From Clicking to Beating: Dealing with Physical Violence

It all innocently starts when you’re scrolling through your social media. You see a post, somehow it triggers your emotions, and the way you respond to it says it all! We interact with thousands of posts every day as we ‘roam’ from one social network to another. The rate of interaction with each post varies from just scrolling a post, giving it a reaction, whether liking it or ‘haha’ to actually commenting on it. In the process, some interactions can fuel longer conversations, some of which can be pretty hot. Can these conversations spiral out of control and lead to an actual ‘fistfight’? 

What we communicate online reflects what we experience in our day-to-day lives in the real world,” suggests Kennedy Mmary, a Public Relations and Digital Communications Expert from Dar es Salaam in interview with the author. A Gallup 2019 Global Emotions Report confirms that the world is getting angrier and angrier every day, with war-torn areas showing the highest rate of anger. We mostly share online what immediately surrounds us, including our frustrations. As real as ‘road rage’ is, online rage works in a similar way. It is important to understand that not everyone can take differing opinions in a positive manner. A UNESCO report shows that 49 percent of female journalists face online hateful language, with a similar number having to deal with harassing private messages, including rape threats. In some instances, social networks have been used to organize collective moments of physical violence, a classic case being the January 6th riot on Capitol Hill after the 2020 US Election. 

Social media are basically a tool for more social interaction. As it is in the real world, posts with emotional content tend to get more reactions. Sadly, some social networks manipulate this reality for their own personal advantage. In 2021, a Washington Post article showed how Facebook manipulated its ranking algorithm to bring more engagement to posts with the ‘angry’ reaction, which, according to the company’s data scientists, were disproportionately likely to include misinformation, toxicity, and low-quality news. It is with such posts that many people get to pour out their negative emotions, which may be hurtful to others. However hurtful these interactions may be to others, they can be just as damaging to the one airing them out. “Negative comments online can affect the psychological well-being of the one  making out” warns us Mr. Patrick Hassan Moto, a Dar es Salaam-based psychologist”. It is like an explosion of what has been contained inside for a long time and can result in mental breakdown, which can have all sorts of effects: eating too much or eating less, sleeping too much or having trouble sleeping or, in the worst case scenario, leading to someone harming themselves”.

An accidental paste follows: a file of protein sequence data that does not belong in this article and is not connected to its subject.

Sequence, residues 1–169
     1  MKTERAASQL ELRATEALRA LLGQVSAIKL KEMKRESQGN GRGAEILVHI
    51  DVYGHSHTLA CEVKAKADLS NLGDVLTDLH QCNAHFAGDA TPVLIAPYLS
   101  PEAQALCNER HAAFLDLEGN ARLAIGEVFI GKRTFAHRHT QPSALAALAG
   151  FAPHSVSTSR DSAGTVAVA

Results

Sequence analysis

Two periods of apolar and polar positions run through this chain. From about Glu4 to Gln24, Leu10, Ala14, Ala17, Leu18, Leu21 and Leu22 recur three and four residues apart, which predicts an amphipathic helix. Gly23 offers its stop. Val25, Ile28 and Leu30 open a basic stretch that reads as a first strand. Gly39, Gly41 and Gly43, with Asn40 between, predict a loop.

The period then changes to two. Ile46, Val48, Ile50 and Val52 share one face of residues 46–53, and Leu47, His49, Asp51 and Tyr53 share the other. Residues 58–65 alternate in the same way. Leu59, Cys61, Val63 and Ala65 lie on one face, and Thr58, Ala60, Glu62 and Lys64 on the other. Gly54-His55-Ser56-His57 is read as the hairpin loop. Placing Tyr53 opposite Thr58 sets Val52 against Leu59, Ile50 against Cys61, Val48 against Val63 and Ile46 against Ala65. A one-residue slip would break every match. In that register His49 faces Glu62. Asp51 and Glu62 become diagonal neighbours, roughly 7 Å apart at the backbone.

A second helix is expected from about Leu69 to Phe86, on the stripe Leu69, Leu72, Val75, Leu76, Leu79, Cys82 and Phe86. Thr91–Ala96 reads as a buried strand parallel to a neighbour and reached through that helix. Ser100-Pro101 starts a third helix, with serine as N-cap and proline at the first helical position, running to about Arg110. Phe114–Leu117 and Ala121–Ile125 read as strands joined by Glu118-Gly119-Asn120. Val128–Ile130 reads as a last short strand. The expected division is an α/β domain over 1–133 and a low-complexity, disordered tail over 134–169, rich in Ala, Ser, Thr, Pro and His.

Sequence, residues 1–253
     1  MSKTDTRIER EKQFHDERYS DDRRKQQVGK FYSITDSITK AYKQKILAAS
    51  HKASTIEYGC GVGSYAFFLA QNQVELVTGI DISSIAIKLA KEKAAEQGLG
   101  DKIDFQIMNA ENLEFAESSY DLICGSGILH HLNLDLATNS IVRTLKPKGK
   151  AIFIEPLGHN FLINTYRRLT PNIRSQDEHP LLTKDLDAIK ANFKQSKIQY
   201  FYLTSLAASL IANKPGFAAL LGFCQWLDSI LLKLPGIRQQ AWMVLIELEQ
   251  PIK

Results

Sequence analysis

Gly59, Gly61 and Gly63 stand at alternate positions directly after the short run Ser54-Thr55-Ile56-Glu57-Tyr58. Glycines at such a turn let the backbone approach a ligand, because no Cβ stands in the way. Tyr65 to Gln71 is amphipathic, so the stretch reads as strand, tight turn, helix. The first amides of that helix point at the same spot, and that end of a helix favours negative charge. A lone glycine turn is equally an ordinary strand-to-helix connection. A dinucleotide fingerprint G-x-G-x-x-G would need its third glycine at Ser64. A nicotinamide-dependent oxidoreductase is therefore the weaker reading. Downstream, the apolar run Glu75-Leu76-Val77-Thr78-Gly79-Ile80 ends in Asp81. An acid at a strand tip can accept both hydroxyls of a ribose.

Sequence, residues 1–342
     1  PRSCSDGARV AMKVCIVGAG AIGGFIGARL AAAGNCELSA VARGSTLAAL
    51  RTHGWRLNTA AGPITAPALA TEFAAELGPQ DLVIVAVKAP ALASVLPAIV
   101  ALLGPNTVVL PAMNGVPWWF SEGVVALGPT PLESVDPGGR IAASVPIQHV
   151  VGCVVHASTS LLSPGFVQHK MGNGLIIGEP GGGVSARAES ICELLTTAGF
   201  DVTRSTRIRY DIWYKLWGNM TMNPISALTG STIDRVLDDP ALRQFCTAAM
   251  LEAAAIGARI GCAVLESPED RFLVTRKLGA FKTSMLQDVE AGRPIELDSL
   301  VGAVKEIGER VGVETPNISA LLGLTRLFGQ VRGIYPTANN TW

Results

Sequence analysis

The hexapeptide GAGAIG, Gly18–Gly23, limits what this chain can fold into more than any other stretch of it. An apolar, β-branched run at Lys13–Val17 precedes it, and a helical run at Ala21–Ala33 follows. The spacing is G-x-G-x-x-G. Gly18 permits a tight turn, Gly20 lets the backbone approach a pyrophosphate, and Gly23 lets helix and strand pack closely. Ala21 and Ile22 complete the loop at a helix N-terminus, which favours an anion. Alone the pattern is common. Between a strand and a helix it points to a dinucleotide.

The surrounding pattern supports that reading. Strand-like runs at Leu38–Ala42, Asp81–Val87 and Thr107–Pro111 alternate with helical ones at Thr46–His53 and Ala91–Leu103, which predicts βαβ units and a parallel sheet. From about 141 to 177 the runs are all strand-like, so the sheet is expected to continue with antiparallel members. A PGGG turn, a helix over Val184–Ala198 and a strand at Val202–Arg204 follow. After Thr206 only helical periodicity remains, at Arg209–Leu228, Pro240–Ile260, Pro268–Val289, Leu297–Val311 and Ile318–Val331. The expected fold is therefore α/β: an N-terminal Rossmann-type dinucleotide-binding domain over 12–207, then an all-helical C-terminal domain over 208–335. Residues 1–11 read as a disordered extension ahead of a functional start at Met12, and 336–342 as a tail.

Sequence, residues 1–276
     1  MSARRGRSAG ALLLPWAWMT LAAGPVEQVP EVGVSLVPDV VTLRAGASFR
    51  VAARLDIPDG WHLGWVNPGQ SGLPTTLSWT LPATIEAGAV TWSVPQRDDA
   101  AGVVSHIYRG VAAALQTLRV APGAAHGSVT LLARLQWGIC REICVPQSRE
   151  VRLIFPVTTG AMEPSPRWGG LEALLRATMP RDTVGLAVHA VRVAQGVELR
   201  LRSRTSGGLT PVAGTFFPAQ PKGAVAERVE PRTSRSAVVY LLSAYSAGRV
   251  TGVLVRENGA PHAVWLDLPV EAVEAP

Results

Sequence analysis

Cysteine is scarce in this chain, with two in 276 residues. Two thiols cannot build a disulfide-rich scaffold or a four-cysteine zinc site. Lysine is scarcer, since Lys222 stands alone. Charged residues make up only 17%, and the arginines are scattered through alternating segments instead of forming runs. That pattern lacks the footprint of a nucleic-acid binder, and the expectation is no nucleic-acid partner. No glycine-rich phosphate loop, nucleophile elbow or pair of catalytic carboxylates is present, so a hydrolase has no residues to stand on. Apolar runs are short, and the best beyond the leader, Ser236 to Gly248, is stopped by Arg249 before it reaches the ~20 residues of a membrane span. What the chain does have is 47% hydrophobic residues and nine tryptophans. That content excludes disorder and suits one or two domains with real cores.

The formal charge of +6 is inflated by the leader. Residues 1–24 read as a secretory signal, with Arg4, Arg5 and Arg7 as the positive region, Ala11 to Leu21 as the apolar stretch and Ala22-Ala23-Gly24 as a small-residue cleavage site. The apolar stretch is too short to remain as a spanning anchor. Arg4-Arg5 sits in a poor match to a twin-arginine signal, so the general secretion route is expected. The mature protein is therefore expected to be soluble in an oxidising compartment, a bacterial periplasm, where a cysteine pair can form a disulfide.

Violence on social media can spread also at the societal level, engaging broader groups of people and fueling pre-existing conflicts. The role of social media as a driver of conflict is increasingly being researched, and international fora and institutions are exploring the challenges and implications of online dynamics for peace. It was the case of the 2021 Stockholm Forum on Peace and Development, where was highlighted, among others, the radicalizing effect of echo chambers.  ‘Online rage’ can be damaging in many ways and to a number of different parties, including legal issues for the authors of hateful comments. The best way to ‘catch digital flowers by the thorns’ is to control your anger before it controls you. Before finally clicking ‘Send’ or ‘Post’ to that hateful comment in your draft post, you need to consider the cyber laws in your country that stand against exactly what you are about to do. Every country has one, in Tanzania being Article 23 of the 2015 Cybercrime Act, which states that ‘a person shall not initiate or send any electronic communication using a computer system to another person with the intent to coerce, intimidate, harass or cause emotional distress.’ 

It is easy to get annoyed and triggered by the contents we interact with online, but before we do something that we may regret, we ought to think of the consequences of our reaction, not only on ourselves and on the ones we’re replying to, but on the others who may interact with our comments as well. How constructive is your reaction?  Did you take time to look at the post from all the possible angles or perspectives? Are you sure that you are not jumping to conclusions? Did you give yourself some time before responding? Maybe stop scrolling and come back after some time? Do you still have the same feeling as you had when you immediately saw the post? Did you take some breaths before replying? If not, you better keep your rage to yourself! 

Imani Henrick is a Digital Rights Advocate and journalist, currently working with Kings FM Radio in Njombe, Tanzania as Station Manager. She is a Founder of Digital Rights focused Podcast (Dig It With Imani the Podcast). You can follow her work here.